I Have Seen the Glories of the Grading Contract...
...and I'm never going back.
I have seen the glories of using a grading contract in my first-year writing course and I am never going back to my previous ways.
Hallelujah! Amen! Pass the beans.
My motives for giving the grading contract a try were multi-fold.
1. When utilizing numerical grades, I’ve grown more and more dismayed over how much of my evaluation time is spent justifying that number. In analyzing my own comments, nearly 80% of my words were spent explaining what was “wrong” with the student’s work. Even when I would consciously try to focus on “process” and provide forward-looking comments, I just ended up writing more and longer commentary that seemed even less useful to students who are thoroughly conditioned to only care about that number anyway.
When I transitioned to an exclusive teaching diet of first-year writing last year and grading became an even larger portion of my work, I couldn’t ignore this problem any longer. What I was doing was not sustainable either in terms of time or spirit.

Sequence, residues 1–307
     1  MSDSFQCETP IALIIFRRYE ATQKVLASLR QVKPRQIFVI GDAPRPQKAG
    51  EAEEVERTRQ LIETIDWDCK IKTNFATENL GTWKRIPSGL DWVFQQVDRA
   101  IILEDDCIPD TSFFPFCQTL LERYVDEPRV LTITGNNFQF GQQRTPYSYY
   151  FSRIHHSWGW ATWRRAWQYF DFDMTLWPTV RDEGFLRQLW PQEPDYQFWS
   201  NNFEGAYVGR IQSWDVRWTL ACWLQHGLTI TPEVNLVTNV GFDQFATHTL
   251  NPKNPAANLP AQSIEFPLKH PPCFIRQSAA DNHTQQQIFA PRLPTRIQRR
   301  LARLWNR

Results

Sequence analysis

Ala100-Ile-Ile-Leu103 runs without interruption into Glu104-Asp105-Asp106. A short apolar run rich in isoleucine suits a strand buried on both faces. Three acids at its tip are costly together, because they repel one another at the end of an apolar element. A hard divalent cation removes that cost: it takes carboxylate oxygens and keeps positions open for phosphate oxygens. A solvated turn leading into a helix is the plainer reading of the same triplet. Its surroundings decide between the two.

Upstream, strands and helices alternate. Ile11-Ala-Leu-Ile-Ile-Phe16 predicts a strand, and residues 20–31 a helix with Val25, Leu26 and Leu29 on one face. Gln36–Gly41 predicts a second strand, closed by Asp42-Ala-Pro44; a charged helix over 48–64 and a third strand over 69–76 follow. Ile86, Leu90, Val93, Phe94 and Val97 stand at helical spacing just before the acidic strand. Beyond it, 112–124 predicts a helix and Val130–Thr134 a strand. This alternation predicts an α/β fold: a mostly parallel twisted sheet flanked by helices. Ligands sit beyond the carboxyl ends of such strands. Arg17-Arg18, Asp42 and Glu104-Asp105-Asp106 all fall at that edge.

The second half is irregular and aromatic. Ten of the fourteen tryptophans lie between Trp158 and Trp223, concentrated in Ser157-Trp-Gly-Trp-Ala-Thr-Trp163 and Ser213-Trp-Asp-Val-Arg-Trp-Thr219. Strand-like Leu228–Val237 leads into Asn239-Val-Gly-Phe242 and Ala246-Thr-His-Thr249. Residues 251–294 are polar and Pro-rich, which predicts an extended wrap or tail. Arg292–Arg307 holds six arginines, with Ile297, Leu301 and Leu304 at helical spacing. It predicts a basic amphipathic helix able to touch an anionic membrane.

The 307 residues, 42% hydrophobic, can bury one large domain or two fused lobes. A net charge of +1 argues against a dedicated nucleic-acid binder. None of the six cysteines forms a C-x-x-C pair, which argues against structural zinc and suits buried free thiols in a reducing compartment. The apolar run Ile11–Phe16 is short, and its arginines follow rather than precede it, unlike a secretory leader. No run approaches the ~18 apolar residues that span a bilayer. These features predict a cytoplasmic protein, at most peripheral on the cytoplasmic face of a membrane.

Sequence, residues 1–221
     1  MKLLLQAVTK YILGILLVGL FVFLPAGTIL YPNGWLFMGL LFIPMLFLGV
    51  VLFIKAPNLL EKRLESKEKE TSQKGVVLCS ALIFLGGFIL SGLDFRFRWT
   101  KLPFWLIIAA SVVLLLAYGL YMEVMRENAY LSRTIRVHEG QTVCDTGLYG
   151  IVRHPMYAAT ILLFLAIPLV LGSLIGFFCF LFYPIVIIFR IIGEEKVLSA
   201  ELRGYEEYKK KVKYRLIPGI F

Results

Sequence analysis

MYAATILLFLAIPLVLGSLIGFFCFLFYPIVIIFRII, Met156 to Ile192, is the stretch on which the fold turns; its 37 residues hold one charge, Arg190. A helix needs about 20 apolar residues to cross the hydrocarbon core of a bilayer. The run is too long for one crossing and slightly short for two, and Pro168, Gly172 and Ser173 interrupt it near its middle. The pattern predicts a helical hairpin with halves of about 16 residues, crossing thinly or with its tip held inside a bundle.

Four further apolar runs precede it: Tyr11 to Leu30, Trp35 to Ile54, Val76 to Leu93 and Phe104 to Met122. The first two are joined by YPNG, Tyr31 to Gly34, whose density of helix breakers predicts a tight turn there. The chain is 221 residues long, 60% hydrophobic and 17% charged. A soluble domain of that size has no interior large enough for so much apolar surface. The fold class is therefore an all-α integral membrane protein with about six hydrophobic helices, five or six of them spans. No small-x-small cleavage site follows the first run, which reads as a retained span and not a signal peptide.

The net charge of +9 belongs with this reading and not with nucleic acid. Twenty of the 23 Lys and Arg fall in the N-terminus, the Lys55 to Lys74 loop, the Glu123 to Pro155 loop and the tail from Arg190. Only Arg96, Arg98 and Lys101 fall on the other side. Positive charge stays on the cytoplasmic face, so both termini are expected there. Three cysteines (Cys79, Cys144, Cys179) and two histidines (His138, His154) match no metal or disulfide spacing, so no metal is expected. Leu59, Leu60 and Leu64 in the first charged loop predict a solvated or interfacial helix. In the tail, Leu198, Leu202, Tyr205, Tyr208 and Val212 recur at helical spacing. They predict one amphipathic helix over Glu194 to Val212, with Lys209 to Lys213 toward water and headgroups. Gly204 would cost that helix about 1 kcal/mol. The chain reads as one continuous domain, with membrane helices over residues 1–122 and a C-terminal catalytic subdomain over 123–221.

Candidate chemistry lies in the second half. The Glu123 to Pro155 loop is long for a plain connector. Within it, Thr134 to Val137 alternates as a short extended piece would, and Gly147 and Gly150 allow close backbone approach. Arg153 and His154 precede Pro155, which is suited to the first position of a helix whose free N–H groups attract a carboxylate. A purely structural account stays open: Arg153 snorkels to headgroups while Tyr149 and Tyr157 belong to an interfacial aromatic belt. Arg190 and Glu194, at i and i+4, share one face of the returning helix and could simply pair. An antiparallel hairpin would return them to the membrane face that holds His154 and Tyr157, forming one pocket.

2. Contract grading seemed like a potentially useful tool in combating student anxiety over grades by putting control of the grade firmly in students’ hands.
3. I like to fiddle with my teaching, particularly when I’m limited to a single course. Without experimenting, I’d get bored, and a bored instructor is a sure-fire recipe for unengaged students, which results in an unhappy instructor, and then we watch the vicious circle turn.
Or rather…it’s working.
The most immediate and striking change was in my comments. Because I’ve reduced my grading scale to “Proficient,” “Above Proficient,” and “Below Proficient” much more of my commentary can go to diagnosing the problem in the student’s writing process and focusing the commentary where it might be most helpful.